L atinos and Health Care Reform Pending L egislative Priorities
Achieving health care reform is imperative for most Americans and an urgent need for the Latino community. The current state of Hispanics¶ access to health care is grim, as they are the most uninsured community in the United States. For the nearly 15 million uninsured Latinos in this country, the high costs of health insurance and limited access to a public coverage programs have given them no choice but to go without appropriate care. At the national level, Latinos continue to rank health care reform as a top priority. They are ready to stand behind a reform plan if it promises to bring real and meaningful change to their lives. Previously passed health care reform legislation took some significant steps forward, but solutions to critical issues of access and affordability are still pending. If the Senate legislation is used as a foundation for future discussions and negotiations on health care reform, as is anticipated, then the National Council of La Raza (NCLR) urges that several issues be addressed in any final bill. Congress should not only work diligently to pass reform but also ensure that it is done right for Latinos and all Americans. Remove the five-year waiting period for legal immigrants. Health care reform legislation passed in both the House and the Senate failed to provide legal immigrants with the same access to health insurance as U.S. citizens, despite imposing requirements for legal immigrants to purchase insurance. Health care reform legislation should ensure equity by removing the remaining restrictions that bar legal immigrants from accessing Medicaid, Medicare, and the &KLOGUHQ¶V+HDOWK,QVXUDQFH3URJUDP&+,3), including the five-year waiting period that prevents low- and moderate-income, lawfully present individuals from gaining access to affordable health coverage. A llow all individuals to purchase coverage in the new health insurance E xchange. Senate legislation blocks access to a proposed health insurance Exchange. The proposed restriction to the Exchange for undocumented persons will, in reality, impose harsh verification measures on every person wishing to purchase insurance through the Exchange. It will directly disadvantage eligible U.S. citizens and legal immigrants living with someone without legal status. Ironically, this bar will also eliminate access to health care for undocumented immigrants willing to pay full price for insurance, forcing them to rely on other safety-net programs as a last resort. Final health care reform legislation must ensure that U.S. citizens and legal immigrants in mixed-status households will not face additional roadblocks to health care due to the amount of bureaucracy that is required to carve undocumented immigrants out of full-priced health coverage. It should also encourage participation and responsibility by all. Individuals who are willing to purchase health insurance in the Exchange on their own²without any taxpayer money²should be afforded the opportunity in final health care reform legislation. Maintaining this restriction in the Exchange is harmful to the basic ideals of reform, namely, to reduce uninsurance and streamline access to care. T reat the residents of Puerto Rico equitably. The lack of accessible, quality health care has continuously plagued Puerto RiFR¶VUHVLGHQWV Currently, there are insufficient funds in the Medicaid program and few other affordable insurance options for residents. Access to the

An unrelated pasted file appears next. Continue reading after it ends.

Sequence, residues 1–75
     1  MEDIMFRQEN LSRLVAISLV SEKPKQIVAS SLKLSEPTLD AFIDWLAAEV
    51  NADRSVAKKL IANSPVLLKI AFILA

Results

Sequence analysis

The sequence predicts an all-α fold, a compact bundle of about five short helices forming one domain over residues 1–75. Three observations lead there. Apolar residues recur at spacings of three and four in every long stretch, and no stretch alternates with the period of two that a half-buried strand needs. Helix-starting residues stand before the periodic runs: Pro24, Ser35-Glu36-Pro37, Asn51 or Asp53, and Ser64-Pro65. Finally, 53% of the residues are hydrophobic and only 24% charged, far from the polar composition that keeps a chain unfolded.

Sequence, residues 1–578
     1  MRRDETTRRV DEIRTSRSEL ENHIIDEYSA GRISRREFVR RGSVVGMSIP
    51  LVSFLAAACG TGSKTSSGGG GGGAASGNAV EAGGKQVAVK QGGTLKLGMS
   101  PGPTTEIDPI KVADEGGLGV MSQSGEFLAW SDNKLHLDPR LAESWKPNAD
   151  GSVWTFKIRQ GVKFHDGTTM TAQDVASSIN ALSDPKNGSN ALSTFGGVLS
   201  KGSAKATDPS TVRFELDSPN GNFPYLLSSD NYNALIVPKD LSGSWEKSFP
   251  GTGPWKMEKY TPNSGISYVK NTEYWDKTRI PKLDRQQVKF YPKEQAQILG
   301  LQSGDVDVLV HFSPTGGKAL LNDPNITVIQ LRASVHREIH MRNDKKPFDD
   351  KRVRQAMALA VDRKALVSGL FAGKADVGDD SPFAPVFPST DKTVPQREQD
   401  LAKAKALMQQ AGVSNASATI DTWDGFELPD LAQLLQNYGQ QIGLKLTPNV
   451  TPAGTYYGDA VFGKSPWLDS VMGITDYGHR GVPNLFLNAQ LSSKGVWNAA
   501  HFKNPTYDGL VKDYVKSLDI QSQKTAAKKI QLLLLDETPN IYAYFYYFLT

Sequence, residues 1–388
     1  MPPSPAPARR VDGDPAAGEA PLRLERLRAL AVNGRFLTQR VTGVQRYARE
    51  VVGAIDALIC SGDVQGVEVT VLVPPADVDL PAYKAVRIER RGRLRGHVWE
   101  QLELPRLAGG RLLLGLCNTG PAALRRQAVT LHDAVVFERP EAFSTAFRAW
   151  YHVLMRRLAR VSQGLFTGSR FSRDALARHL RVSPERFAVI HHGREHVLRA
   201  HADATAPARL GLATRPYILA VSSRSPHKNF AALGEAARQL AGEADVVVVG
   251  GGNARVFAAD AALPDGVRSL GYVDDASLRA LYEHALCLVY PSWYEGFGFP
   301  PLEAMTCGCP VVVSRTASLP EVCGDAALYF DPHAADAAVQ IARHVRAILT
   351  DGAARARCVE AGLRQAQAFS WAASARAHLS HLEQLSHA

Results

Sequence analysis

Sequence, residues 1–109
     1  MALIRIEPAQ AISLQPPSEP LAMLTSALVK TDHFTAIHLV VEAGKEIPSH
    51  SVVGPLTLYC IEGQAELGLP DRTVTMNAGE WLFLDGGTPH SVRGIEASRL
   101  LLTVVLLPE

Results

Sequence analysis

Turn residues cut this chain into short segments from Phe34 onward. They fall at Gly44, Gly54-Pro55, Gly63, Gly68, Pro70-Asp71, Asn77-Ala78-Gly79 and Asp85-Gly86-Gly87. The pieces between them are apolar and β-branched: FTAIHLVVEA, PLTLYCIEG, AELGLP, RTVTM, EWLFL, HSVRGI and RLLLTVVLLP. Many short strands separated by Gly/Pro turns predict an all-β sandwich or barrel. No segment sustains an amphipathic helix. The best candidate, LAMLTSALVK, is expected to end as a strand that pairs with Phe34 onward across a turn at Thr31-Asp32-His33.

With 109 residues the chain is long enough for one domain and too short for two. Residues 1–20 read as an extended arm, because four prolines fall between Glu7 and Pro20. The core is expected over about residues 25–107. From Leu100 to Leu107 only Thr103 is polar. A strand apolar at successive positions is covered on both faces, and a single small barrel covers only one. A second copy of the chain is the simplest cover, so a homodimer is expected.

Exchange and bolstered funding for Medicaid could deeply improve the opportunities to access quality health insurance in Puerto Rico. NCLR recommends adoption of the House measures that permit eligible residents of Puerto Rico to participate in the Exchange, as well as improved funding for Medicaid. Â NCLR has been encouraged by the historic progress that has been made on health care reform to date, but final legislation must reflect the full needs and concerns of Latinos. These priorities are vital fixes to reform legislation.
Achieving health care reform is imperative for most Americans and an urgent need for the Latino community. The current state of Hispanics ac...